BUT what I can also tell you is that even though I live in Florida where fleas are practically a fact of life, I have not had to administer Comfortis, Advantage, or other flea control in so long that I literally can't remember when I last had to give it.  And for what it's worth, the poop of raw fed dogs and cats IS essentially odorless, as well as very small and firm, which means it's easy to pick up on walks or to scoop out of the litterbox.  The reason for this, incidentally, is because unlike many commercial foods, a raw diet doesn't contain fillers or unnecessary ingredients.  It is, instead, exactly what our companion carnivores, however civilized they might otherwise seem, were intended to eat, and as a result, more of what they're taking in is actually being utilized by the body.  Correspondingly, there is far less waste.  I'll also tell you that as far as I'm concerned, a raw diet saved Finn's life.  He was one sick little kitten when he arrived on the scene, and he remained so for some time afterward, but it was when he basically transitioned himself to a raw diet (after nabbing a roughly twelve ounce piece of beef off the counter one night that I was cutting into chunks for the other cats), that he started making strides toward health.  I don't think he'll ever be as strong and vigorous health-wise as the other two cats, and he's unfortunately not ten feet tall and bullet proof, though HE certainly thinks he is, but I do fervently believe that raw has helped him be the healthiest he can be.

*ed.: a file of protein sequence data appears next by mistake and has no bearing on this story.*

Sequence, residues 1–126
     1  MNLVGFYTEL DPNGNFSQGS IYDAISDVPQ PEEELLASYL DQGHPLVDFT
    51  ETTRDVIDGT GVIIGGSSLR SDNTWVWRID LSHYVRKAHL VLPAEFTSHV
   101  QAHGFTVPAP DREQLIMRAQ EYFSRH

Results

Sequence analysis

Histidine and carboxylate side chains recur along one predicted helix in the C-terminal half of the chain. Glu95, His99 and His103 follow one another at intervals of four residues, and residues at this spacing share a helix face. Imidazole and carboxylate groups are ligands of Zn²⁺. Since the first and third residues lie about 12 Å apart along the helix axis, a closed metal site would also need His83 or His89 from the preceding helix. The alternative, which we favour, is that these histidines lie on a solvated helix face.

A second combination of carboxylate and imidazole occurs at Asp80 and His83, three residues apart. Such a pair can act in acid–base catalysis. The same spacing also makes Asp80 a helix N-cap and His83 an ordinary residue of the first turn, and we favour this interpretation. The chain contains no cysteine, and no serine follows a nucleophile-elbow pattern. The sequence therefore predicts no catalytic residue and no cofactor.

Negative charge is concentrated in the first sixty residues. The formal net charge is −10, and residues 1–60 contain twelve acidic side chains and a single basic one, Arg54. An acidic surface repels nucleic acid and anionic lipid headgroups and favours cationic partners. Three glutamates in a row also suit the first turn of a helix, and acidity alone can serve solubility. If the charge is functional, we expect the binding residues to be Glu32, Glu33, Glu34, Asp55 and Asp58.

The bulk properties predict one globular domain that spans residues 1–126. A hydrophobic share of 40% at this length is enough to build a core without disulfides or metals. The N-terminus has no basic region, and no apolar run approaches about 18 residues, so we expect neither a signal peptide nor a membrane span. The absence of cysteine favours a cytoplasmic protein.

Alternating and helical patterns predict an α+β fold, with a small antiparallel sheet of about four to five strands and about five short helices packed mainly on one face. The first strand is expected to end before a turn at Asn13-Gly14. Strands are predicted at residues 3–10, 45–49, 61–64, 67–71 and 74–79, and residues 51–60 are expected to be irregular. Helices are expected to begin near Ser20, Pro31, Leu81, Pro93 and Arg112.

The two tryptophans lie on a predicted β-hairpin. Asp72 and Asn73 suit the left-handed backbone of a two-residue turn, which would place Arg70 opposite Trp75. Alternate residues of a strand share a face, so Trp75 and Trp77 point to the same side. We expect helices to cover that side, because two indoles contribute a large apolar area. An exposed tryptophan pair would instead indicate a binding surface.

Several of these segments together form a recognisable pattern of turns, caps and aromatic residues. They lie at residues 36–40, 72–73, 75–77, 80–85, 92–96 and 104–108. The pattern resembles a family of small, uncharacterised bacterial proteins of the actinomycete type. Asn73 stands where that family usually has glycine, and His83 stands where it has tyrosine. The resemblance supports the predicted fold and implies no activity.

WHAT WILL I TELL MY VET: